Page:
Religio-political parties struggle to command a major chunk of the Pakistani votebank. Why then do they play an oversized role in the country’s politics?
The combined vote share of religio-political parties in the 2018 elections in Pakistan was 9.58 per cent, slightly lower than what it was in the 2013 polls and much lower than the 11 per cent they bagged in 2002. The 2002 tally was the highest the Islamist parties have ever received in polls. In 2018, the performance of religio-political parties was weak because there were a lot more Islamist parties competing. Apart from the established ones, two new religio-political outfits emerged: The Milli Muslim League (MML) and Tehreek-i-Labbaik Pakistan (TLP). Their entry into electoral politics was encouraged by the establishment to usurp the “religious vote” of the Centre-Right PML-N so that Imran Khan’s Centre-Right PTI could benefit. None of the new religio-political parties could win many seats, but that was never the “plan.”
Whereas the MML could not perform in the manner in which some expected it to, the radical Barelvi TLP not only succeeded in usurping PML-N’s Barelvi vote, but also gobbled up the secular MQM’s lower-middle-class Barelvi votes in Karachi. This certainly aided PTI in challenging the PML-N in Punjab and the MQM in Karachi. Historically, Islamist outfits in South Asia are not built as electoral parties. They emerge as evangelical groups or residues of movements. And even when they do convert into electoral outfits, they struggle to do well in polls because the non-religion-based mainstream parties pragmatically co-opt their causes and rhetoric.
Plus, the religio-political parties are closely associated with one Islamic sect/sub-sect or the other. This limits their appeal to voters from other denominations. Some are even understood to have developed a sect of their own, as the Jamaat-i-Islami (JI) was once accused of doing. Islamist groups in South Asia developing political interests is a 20th century phenomenon rooted in the Khilafat Movement of 1919-1924. When the European theory of the State began to attract Centrist and Leftist groups in South Asia in the early 20th century, Islamist groups, too, began to be attracted by it and started to theorise the possibility of creating an “Islamic state.” But most of them could not find the means or the need to devise any electoral tools to achieve such a State. They often saw electoral politics as contrary to their Islamist dispositions. That’s why the demand for a Muslim-majority State Pakistan arose from a Centrist and quasi-secular All India Muslim League (AIML). What’s more, almost all major Islamist parties opposed this demand on one pretext or the other. But they could not neutralise AIML’s plans because, by the 1940s, it had not only become an experienced electoral entity, but it was able to juxtapose its “modernist” Muslim nationalism with rhetoric from their Islamist opponents. These opponents had no plan to stall the League through electoral means.
The Islamist parties remained in an electoral limbo during the first 20 years of Pakistan but they did retain their evangelical and agitational disposition, in an attempt to influence the ideological character of the new country. But even during the years of indirect elections (1957-58) and hybrid democracy (1962-69), they could not devise any effective electoral tools and send members to the first two constituent Assemblies, and the two Assemblies that came into being during the Ayub Khan dictatorship.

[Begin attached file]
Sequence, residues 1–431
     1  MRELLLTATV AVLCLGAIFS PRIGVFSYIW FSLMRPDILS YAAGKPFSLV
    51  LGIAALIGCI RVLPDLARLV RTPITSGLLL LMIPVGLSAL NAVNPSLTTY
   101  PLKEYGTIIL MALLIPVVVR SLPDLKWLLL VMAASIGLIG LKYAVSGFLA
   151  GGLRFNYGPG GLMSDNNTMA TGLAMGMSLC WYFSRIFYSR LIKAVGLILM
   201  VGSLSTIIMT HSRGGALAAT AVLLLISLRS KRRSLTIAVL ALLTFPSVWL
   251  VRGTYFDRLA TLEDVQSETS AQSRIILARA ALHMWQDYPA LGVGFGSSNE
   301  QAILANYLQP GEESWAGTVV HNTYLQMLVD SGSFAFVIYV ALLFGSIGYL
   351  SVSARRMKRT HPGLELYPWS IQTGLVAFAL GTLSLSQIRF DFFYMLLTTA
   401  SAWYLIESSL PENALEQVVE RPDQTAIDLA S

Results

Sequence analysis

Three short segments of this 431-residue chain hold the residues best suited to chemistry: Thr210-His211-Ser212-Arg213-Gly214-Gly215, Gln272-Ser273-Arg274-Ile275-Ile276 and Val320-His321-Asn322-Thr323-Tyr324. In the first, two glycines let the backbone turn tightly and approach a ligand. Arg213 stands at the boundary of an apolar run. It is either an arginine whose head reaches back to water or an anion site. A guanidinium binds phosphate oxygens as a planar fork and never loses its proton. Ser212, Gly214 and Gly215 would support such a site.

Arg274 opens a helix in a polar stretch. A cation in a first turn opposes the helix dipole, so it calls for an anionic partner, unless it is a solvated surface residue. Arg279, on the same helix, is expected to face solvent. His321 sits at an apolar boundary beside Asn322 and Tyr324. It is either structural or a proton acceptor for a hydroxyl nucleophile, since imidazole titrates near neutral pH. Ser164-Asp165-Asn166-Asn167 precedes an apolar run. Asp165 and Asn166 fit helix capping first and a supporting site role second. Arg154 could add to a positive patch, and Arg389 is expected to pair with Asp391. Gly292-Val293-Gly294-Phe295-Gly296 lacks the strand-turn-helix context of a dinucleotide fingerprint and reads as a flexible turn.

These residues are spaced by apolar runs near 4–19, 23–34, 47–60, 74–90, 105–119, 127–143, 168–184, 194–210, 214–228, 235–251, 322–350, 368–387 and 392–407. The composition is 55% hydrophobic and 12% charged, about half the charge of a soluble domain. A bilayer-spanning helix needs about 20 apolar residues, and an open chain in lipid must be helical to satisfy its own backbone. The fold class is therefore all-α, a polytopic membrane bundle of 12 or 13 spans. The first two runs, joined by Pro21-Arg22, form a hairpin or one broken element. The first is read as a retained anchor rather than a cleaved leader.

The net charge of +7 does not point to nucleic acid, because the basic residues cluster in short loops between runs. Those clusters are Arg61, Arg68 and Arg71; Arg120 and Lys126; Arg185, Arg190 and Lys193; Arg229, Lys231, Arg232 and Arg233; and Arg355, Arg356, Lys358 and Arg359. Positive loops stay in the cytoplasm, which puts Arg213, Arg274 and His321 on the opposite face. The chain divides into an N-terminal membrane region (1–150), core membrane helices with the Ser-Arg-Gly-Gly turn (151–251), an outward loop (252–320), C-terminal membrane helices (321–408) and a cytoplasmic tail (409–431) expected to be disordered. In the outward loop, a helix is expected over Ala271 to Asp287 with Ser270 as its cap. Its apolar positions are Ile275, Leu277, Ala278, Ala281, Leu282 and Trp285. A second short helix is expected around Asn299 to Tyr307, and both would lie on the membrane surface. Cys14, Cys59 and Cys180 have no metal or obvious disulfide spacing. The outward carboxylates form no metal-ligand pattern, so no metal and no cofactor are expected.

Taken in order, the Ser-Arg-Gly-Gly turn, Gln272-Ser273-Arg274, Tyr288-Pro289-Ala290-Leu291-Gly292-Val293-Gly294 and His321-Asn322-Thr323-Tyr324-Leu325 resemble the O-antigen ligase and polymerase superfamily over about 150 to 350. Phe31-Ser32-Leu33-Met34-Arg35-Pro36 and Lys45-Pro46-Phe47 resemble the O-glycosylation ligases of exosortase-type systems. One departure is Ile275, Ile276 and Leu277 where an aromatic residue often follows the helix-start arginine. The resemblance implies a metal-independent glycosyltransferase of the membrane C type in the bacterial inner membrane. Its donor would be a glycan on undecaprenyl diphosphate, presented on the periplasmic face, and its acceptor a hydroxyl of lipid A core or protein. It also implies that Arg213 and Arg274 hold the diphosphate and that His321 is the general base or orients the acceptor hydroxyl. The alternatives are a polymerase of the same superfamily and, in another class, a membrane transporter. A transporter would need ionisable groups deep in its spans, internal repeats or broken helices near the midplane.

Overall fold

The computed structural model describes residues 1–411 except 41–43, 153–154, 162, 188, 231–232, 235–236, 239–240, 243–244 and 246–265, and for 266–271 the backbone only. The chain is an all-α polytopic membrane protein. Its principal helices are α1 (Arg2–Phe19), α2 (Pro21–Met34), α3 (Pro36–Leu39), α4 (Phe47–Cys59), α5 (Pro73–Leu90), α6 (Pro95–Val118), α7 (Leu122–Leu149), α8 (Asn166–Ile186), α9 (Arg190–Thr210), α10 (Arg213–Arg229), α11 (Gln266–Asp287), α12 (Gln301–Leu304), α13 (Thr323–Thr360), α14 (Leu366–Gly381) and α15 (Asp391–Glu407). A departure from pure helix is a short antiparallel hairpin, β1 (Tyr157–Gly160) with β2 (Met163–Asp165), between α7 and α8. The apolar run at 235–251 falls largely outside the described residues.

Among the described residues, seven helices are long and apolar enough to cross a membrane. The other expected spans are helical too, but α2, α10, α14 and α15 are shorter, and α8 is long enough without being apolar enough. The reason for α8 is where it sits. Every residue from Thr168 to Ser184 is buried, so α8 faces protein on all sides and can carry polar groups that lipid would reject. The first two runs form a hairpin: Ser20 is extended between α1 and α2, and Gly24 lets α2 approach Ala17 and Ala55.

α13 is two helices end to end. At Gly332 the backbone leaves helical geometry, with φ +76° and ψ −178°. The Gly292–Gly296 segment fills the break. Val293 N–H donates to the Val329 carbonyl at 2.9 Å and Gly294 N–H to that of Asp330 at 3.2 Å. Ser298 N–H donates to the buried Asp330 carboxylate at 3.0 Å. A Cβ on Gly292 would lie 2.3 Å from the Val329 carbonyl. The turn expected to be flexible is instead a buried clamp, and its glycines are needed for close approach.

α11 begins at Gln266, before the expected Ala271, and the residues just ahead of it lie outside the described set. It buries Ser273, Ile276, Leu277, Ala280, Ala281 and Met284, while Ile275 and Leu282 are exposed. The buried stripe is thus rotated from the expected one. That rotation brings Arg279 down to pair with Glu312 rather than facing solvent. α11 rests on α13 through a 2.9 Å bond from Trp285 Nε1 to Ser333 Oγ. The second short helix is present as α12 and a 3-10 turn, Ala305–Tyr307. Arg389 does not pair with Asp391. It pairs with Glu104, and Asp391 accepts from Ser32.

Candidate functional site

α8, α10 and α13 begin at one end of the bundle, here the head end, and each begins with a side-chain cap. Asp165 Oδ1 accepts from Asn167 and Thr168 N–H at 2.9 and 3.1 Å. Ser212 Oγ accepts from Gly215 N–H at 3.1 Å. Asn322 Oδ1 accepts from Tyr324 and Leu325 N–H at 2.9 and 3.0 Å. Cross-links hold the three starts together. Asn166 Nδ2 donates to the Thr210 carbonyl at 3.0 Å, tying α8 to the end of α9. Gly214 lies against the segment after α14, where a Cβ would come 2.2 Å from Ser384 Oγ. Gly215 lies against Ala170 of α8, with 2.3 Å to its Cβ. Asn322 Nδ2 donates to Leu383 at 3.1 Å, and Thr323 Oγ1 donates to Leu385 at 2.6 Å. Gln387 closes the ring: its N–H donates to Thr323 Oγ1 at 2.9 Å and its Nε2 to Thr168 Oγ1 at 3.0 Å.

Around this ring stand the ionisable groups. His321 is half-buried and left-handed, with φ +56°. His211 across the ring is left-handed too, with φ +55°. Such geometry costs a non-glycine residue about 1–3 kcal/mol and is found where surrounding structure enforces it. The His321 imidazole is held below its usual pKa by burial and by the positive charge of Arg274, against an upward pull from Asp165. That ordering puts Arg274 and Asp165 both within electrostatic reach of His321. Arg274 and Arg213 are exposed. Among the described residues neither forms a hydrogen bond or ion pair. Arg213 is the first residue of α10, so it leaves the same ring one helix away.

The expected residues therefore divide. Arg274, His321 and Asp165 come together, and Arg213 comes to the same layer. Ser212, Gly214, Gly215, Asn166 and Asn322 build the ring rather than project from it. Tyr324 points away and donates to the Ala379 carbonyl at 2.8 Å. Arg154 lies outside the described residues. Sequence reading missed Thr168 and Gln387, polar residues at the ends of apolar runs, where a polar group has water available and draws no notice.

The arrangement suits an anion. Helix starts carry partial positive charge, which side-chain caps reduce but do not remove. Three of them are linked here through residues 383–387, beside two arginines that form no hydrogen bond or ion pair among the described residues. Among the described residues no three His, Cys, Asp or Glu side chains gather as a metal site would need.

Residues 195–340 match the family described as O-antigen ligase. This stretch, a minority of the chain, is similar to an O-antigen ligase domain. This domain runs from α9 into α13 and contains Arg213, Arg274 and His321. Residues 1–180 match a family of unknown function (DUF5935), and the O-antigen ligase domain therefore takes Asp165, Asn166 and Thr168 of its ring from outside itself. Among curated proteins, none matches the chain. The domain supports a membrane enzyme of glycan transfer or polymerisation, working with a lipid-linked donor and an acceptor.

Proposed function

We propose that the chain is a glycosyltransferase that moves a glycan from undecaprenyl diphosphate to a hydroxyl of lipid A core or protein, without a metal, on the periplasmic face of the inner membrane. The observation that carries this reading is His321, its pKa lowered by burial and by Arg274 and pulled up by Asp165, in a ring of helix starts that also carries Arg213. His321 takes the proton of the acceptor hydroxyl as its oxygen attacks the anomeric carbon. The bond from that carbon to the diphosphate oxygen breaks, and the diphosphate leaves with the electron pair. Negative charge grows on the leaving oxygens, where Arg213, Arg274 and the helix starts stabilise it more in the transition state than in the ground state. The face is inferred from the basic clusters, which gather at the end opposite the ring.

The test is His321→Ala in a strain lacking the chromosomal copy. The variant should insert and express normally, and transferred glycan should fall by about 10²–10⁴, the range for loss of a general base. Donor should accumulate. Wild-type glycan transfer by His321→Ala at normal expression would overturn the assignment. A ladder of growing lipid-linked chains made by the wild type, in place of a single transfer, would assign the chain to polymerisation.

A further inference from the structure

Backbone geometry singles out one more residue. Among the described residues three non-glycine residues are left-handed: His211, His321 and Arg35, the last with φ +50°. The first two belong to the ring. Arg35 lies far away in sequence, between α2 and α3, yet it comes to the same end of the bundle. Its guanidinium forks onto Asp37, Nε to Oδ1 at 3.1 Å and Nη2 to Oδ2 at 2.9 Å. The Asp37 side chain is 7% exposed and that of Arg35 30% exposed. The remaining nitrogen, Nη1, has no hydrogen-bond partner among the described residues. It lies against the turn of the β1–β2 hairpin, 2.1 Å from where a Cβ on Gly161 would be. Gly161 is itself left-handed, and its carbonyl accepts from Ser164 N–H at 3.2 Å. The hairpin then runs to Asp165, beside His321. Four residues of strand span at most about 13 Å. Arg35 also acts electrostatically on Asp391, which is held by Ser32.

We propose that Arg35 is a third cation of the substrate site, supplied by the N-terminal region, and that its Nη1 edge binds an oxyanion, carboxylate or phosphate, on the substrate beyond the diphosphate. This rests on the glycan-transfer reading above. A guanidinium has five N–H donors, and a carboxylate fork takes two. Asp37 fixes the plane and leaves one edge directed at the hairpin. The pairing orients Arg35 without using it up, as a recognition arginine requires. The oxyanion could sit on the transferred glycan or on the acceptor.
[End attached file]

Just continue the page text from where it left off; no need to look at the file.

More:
Yet, just before the country’s first direct elections in 1970, parties such as JI were claiming that they would sweep the polls. But the opposite happened. From 1947 till 1972, Islamist parties operated from outside the Assemblies and had no significant influence on policymaking, other than through the threat of agitations. Though 18 members from three religio-political parties managed to enter the 1972 Parliament, they were no match for the mainstream electoral parties. That’s why, in 1974 and then again in 1977, Islamist parties once again banked on their penchant for agitational politics to undermine a regime. With the sidelining of some major parties during 1977, the religio-political parties were given space to develop their electoral skills and expand constituencies. Separate electorates were introduced to favour them. But the idea, on the part of the military regime, was to manoeuvre them in a manner that would help the Zia dictatorship ward off challenges posed by the Opposition parties.
Most of them became tools of the establishment, without whose backing they believed they could not become effective electoral entities. In the 1990s, the PML-N continued to co-opt religious rhetoric of the Islamist parties. However, the self-proclaimed “enlightened moderate” Musharraf decided to aggressively sideline the PML-N and the PPP during the 2002 polls, by creating the conditions required for the religio-political parties to win in Khyber Pakhtunkhwa. This was when these parties bagged 11 per cent of the vote but this could not halt the return of the PPP and the PML-N after the 2008 elections.
In the eyes of the establishment, the mutable utility of the old religio-political parties has been exhausted. With growing mistrust between the PML-N/PPP and the establishment, the latter “allowed” the growth of new religion-based groups like the TLP and the MML. In an environment where the State was at war with religious militancy and with the sword of the Financial Action Task Force (FATF) still hanging over the country’s head, the idea was to quietly nurture new religious groups, not to help them win, but to aid the pro-establishment PTI by way of scattering PML-N’s religious votebank. The fate of the religio-political parties in politics is thus likely to continue being dependent on their utility to the establishment.